Bend radius is a very important calculation in sheet metal working. What is the significance of bend radius in sheet metal working?
In this guide, you will learn about sheet metal bend radius and thickness, along with their connection. Also, you will be able to answer the question whether you should set the bend radius less than the sheet metal thickness or not.
Understanding about Sheet Metal Bend Radius
Bend radius in sheet metal working or sheet metal prototyping refers to the radius measurement that the sheet metal materials need to have for it to withstand the bending force you apply into it. The sheet metal bend radius is an important calculation, as it will allow you to bend the sheet metal without causing any damage to it.
If you bend the sheet metal material while setting the bend radius too small, you will risk damaging or cracking the sheet metal material. Meanwhile, if the bend radius for the sheet metal is too large, the bend won’t work too well for the sheet metal. As a result, the sheet metal material might rebound because it will not have a strong bend.
Understanding about Sheet Metal Thickness
Sheet metal thickness is simply the thickness measurement of the sheet metal material. The sheet metal thickness can range from 0.5mm to 6mm, and each sheet metal material has varying thickness measurements depending on their qualities, properties, and other factors. For you to be able to bend the sheet metal material, the thickness of the material must not exceed 6mm. So, anything beyond 6mm thickness will be regarded as metal plates and no longer belong to the sheet metal category.
The thicker the sheet metal materials, the more difficult it will be to bend them. However, the thicker the sheet metal materials also means the stronger and more durable the bend you can apply.
Does Sheet Metal Bend Radius Correlate with Sheet Metal Thickness?
The answer is yes, the sheet metal bend radius will correlate with the thickness of the sheet metal. In fact, we can determine the minimum bend radius for the sheet metal material based on the thickness of the material itself. The general rule is to assign the minimum bend radius the same length as the sheet metal thickness.
So, for instance, if the thickness of the sheet metal is 1mm, then the minimum bend radius you need to assign for it is 1mm. It’s the same if the sheet metal thickness is 6mm.
How about the maximum bend radius? To calculate the maximum bend radius, you just need to add the minimum bend radius with the sheet metal thickness, and then you can multiply the result by 2.
So, for instance, if the minimum bend radius is 1mm, and the thickness is 1mm, then you can calculate the maximum bend radius as follows: (1mm + 1mm) x 2 = 4mm. Thus, the maximum bend radius will be 4mm.
Should Sheet Metal Metal Bend Radius Be Less than Sheet Metal Thickness?
To answer this question, the answer is no, the sheet metal bend radius must not be less than the sheet metal thickness. As explained above, the minimum bend radius should at least be the same as the sheet metal thickness, as it is required for a successful sheet metal bending operation.
So, if you set the bend radius less than the sheet metal thickness, you will risk cracking or damaging the sheet metal material during the bending operation. It is not recommended to do that.
Reasons You Should Not Set the Bend Radius Too Small
- Bad product quality. The first thing you can expect when you set the bend radius too small is the bad overall product quality you will produce during the sheet metal bending process. The product you produce will be full of defects and damages, and it might not be functional.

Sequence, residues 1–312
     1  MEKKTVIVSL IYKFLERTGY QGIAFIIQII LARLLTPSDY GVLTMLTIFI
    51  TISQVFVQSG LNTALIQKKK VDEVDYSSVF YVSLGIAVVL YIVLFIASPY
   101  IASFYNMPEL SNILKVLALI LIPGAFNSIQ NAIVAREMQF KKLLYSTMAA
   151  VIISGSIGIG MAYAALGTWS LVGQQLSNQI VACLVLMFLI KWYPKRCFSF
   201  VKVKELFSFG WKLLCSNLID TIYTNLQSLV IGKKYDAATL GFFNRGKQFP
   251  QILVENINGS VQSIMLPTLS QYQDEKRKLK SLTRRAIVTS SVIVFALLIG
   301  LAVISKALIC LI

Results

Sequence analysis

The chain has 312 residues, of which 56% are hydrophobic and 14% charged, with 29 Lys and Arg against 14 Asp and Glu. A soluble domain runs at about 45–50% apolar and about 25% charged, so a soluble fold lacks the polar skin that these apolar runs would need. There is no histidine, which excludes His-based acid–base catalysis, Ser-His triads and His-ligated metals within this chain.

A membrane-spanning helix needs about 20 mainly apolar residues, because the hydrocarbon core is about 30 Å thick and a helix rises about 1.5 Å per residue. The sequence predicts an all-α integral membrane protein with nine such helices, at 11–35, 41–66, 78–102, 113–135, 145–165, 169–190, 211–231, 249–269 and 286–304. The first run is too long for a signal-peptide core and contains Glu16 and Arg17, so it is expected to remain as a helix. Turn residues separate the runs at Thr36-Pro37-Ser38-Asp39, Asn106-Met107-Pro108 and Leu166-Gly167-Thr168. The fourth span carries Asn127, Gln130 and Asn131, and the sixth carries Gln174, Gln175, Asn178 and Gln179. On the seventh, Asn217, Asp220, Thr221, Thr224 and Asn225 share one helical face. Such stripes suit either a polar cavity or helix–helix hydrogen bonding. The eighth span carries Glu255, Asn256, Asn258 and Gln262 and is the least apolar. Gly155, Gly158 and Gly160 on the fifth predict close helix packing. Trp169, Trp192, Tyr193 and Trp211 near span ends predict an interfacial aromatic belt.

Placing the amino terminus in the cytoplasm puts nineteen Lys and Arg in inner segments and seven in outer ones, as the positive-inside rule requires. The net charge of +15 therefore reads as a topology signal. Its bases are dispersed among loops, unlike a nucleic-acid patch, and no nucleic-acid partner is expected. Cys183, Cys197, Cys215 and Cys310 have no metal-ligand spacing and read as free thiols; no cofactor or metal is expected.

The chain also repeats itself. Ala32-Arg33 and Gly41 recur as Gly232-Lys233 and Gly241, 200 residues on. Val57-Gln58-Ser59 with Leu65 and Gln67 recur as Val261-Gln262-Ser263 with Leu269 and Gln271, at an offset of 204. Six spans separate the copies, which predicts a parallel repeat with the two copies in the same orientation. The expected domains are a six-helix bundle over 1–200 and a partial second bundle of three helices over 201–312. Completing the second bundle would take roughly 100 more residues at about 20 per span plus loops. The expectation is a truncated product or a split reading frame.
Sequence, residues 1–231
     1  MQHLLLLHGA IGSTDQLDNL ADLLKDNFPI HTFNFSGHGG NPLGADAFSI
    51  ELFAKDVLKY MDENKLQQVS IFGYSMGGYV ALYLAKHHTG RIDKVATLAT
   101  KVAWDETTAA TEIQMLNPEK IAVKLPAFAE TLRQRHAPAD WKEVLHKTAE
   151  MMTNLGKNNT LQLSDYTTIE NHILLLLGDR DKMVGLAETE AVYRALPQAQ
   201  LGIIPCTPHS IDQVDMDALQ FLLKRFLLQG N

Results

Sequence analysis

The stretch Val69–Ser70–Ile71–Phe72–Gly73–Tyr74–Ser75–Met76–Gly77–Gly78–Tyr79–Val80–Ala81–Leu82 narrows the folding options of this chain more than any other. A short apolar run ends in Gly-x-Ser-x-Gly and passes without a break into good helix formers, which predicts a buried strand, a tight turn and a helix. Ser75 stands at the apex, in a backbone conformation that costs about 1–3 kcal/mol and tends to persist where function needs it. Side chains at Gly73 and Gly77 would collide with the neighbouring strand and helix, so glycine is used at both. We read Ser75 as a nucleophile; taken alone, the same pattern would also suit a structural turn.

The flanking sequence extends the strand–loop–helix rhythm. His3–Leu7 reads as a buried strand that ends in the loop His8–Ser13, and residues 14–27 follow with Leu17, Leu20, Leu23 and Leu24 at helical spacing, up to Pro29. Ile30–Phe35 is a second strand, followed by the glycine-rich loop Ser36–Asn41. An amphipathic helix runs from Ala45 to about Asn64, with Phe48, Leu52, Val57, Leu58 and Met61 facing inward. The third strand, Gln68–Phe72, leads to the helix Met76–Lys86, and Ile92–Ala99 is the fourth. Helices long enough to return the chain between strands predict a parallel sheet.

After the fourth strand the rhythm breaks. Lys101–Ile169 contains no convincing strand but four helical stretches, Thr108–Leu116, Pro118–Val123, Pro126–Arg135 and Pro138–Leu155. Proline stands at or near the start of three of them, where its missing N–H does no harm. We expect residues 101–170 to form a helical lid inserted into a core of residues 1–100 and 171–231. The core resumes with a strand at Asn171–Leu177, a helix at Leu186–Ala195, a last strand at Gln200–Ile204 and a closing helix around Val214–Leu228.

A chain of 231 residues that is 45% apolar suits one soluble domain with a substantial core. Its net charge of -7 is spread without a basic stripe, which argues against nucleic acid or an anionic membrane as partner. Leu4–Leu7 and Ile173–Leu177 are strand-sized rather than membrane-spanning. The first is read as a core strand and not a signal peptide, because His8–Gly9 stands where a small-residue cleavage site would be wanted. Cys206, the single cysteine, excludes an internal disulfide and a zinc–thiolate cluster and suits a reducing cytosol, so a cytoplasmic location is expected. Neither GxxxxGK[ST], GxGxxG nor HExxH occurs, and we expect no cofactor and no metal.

- Cracking in sheet metal body. Because of the bending application on the sheet metal and the bend radius that is too small, cracking in the sheet metal body can happen. The crack can be small or big, depending on how you force the bend onto the sheet metal material.
- Breaking or damages during bends. Not only cracking, the bend radius that is too small can also break or damage the sheet metal materials during the bending operations. It might also render the sheet metal unusable afterwards.
- Unfitted parts or components. Even if you manage to get a successful bend with the bend radius that is too small, you might still risk having unfitted parts or components in the resulting product. This can be bad if you need to assemble the sheet metal product with other components later.
Reasons You Should Not Set the Bend Radius Too Large
- Wobbliness on the bent part. In sheet metal working, the thinner the sheet metal material, the more likely the wobbliness will happen when you set the bend radius too large. This is not good if you expect to build a strong structure or frame with the sheet metal material.
- Lack of bend durability. The bend radius that is too large will also give the sheet metal lack of the bend durability. You can’t expect it to have a strong and sticky bend if you set the bend radius too large.
- The bend cannot be applied. Another thing that might happen when you set the bend radius too large is that you will not be able to apply the bend correctly. In fact, you might not be able to apply some bend operations on the sheet metal material until you correct the bend radius first.
- Rebound on the sheet metal material. Rebound can also happen when you set the bend radius too large, meaning that the bent part will go back to its initial state. Again, this will not be good if you are trying to build a high-quality and functional component out of the sheet metal material.
Bend radius must at least be equal with your sheet metal thickness, so you can’t set it smaller than that. There will be cracking or damaging on the sheet metals if your bend radius is set for too small.
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